Hollywood in Uganda: local appropriation of transnational English-language movies

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Language and Education
Hollywood movies are popular in Uganda. This paper reports a study that investigated access to English-language Hollywood movies in Uganda, by way of an ethnographic audience study carried out in slum areas of the city of Kampala. The researchers visited and participated in the watching and reviewing of English-language movies in makeshift video hall shacks, where interpretation of the films into Luganda, the most common local language, took place simultaneously with the viewing of the films. By way of unstructured conversational interviews, descriptions of events, photographs and reviews of movies, the paper examines the practices of interpreting and localising carried out by the hired interpreters (known as Vee-Jays). In particular, it describes how the interpreters operate as mediators who provide access to these English Hollywood movies and examines how the global gets infused into the local through processes of contextualisation of the films. The paper contributes to our understanding of how new forms of cultural representation are created, consumed and shared through digital and other media, and the effects digital technology has on the local movie entertainment industry.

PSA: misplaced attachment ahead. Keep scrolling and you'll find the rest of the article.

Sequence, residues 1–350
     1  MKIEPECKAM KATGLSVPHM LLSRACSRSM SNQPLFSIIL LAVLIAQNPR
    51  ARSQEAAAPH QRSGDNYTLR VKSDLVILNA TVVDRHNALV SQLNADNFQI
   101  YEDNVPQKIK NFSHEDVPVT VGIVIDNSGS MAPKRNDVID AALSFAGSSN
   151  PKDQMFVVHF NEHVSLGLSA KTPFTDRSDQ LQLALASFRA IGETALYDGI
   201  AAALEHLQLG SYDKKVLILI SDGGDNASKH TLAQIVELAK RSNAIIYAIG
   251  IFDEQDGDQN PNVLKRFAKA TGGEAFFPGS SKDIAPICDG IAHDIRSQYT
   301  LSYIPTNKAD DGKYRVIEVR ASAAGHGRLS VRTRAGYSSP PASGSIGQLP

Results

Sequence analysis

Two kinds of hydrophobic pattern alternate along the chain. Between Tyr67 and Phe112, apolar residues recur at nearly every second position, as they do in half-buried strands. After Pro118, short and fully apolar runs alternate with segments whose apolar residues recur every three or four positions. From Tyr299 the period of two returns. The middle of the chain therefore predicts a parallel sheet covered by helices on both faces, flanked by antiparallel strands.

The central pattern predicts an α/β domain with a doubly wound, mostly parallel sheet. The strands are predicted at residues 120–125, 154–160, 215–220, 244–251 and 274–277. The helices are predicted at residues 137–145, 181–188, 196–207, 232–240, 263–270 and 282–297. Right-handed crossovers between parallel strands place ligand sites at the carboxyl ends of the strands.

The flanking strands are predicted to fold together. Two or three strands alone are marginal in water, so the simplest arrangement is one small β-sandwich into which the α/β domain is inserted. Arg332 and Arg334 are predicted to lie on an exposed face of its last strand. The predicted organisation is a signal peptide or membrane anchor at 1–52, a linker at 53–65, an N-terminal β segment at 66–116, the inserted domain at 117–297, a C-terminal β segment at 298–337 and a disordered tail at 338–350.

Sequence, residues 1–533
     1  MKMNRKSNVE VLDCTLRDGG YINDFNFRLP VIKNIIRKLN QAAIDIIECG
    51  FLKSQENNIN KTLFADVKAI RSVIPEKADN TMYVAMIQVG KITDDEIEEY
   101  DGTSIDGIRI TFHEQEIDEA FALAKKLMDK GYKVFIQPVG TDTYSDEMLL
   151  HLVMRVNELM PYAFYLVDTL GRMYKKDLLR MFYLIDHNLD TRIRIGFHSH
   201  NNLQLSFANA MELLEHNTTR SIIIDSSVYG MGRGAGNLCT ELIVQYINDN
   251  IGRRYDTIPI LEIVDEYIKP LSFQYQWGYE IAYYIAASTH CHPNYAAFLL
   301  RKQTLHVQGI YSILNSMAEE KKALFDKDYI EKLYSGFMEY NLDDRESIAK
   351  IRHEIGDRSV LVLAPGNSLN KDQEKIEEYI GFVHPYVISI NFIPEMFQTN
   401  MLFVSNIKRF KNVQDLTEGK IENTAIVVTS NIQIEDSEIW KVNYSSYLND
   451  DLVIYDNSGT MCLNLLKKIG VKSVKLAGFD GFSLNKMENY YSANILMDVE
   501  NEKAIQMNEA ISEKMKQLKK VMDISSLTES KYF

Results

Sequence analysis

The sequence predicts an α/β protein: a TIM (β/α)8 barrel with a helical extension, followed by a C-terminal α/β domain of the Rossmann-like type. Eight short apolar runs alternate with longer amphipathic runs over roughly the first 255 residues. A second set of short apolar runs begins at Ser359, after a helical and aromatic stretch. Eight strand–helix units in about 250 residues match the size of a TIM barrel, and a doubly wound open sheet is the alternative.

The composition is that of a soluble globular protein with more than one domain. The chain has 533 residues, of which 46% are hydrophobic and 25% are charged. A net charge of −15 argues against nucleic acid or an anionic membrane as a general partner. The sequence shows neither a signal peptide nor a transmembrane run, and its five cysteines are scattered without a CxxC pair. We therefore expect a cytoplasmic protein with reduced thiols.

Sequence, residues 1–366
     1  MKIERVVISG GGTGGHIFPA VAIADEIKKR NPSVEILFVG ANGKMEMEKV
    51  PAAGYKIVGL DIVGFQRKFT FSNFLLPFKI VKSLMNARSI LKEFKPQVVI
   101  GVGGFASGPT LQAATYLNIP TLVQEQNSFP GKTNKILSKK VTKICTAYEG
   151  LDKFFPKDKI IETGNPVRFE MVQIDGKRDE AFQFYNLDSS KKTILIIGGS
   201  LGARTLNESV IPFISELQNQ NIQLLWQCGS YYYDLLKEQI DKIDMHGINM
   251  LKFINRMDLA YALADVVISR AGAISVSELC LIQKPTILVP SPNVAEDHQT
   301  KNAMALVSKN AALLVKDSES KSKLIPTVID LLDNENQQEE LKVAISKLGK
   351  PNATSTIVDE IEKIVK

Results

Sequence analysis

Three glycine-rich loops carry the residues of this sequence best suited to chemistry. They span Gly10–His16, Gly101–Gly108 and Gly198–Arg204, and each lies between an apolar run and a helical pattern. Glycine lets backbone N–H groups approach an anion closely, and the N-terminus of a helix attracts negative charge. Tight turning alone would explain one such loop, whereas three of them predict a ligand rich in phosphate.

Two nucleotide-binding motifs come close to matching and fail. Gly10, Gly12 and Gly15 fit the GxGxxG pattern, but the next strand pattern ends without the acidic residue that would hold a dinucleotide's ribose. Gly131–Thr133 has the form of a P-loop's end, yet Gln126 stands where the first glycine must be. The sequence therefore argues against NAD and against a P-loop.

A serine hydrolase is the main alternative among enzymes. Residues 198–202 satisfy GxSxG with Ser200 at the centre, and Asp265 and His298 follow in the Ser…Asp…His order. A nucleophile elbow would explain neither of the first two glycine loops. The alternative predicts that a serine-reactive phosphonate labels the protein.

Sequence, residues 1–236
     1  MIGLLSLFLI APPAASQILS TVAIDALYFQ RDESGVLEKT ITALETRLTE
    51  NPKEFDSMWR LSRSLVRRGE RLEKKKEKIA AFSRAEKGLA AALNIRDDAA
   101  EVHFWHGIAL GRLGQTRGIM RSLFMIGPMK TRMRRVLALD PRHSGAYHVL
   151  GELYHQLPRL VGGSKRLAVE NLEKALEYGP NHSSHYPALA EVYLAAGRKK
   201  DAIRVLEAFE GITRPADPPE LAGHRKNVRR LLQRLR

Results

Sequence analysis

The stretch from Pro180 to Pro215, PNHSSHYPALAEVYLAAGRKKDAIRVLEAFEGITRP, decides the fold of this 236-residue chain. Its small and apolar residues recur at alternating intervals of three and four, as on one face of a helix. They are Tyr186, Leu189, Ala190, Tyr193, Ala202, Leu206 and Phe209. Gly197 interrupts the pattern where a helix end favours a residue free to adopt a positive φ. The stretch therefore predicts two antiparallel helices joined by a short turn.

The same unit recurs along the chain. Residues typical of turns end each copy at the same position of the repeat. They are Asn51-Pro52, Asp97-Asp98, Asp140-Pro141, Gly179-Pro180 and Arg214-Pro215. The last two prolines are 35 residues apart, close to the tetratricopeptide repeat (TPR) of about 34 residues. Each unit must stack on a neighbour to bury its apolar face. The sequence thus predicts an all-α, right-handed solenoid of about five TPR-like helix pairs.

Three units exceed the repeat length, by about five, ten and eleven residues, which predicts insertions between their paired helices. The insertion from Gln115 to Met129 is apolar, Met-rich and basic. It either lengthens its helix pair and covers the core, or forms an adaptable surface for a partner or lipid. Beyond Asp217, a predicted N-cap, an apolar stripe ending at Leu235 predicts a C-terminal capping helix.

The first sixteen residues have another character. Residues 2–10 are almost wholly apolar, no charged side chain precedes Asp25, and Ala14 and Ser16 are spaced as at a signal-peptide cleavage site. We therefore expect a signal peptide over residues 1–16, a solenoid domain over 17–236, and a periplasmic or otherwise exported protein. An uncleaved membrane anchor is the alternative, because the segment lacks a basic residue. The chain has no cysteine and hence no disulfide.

Local/global, English in Africa, Glocalisation, Film, Hollywood, Interpreter
Stella Achen & George Ladaah Openjuru (2012) Hollywood in Uganda: local appropriation of trans-national English-language movies, Language and Education, 26:4, 363-376, DOI: 10.1080/09500782.2012.691517